Dr. Reinemuth: The same applies, in essence, to the manufacture of the high-pressure reactor as to the mixer. A chemically and high-pressure-resistant pressure vessel was required in order to investigate chemically aggressive, toxic and explosive mixtures. This vessel needed to be cooled quickly and efficiently. Additive manufacturing allows the pressure vessel and the cooling jacket to be integrally designed. The low wall thicknesses which are vital for rapid heat transfer are hence feasible. The pressure-bearing wall is very thin and permits good heat transfer, yet the container can be loaded with up to 300 bar at a medium temperature of 200 °C. It would not be possible to manufacture the cooling jacket in the form of an integrated spiral using conventional techniques. Production in one piece also enables the vessel to be made available promptly and adapted easily to individual customer requirements. Furthermore, the surfaces in contact with the product are rendered chemically resistant with a glass lining.

What are the benefits of the additive process for the production of gassing nozzles?

Dr. Reinemuth: The fact that gassing in the new solution is initiated by a deliberately porous printed structure in the liquid flow is particularly noteworthy. In order to gain the maximum advantage from additive manufacturing, the conventional design template was analysed with regard to its technical functions. A functionally integrated one-piece solution which can be manufactured additively was then designed on this basis. In contrast to the conventional mixing nozzle, the additively manufactured version is also self-priming. The manufacturing costs were reduced to just 27 % compared to the original, conventional solution, which was systematically revamped. Instead of twelve pieces, which must be mechanically manufactured and assembled, the additively produced solution consists of only a single component.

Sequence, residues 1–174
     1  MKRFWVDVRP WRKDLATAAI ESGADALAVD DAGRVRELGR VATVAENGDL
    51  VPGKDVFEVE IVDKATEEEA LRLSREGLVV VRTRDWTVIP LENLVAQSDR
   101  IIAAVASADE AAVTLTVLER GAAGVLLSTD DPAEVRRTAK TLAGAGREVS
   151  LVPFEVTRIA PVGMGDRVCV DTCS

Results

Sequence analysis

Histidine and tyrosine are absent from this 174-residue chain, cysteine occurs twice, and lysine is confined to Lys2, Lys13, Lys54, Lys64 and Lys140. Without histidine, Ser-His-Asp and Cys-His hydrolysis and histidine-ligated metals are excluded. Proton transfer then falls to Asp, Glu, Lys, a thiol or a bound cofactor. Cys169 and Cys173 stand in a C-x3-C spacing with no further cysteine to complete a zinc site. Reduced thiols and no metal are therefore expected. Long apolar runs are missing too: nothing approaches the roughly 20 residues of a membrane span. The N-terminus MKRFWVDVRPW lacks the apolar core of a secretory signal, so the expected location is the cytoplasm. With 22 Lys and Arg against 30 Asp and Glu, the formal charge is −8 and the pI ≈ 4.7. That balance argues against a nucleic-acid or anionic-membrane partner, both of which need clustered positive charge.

Can all 3D printed components be glass-lined?

Dr. Reinemuth: Since all these components are made of stainless steel, they can basically all be glass-lined. 316L and 304 stainless steels or Inconel 625 and 728, amongst others, are suitable for glass lining. These are also typical materials for selective laser melting. The example of the glass-lined high-pressure reactor shows how modern selective laser melting, in conjunction with the traditional process of technical glass lining, can lead to innovative engineering solutions: the glass lining of the high-pressure reactor surfaces in contact with the product expands the field of chemically corrosive applications at temperatures up to 230 °C, where the resistance of the additively manufactured base material would not have been adequate. The high-pressure reactor consists of a special metal alloy which is suitable for glass lining and allows particularly thin, but non-porous and non-diffusive, surfaces with a roughness of less than 1 micron.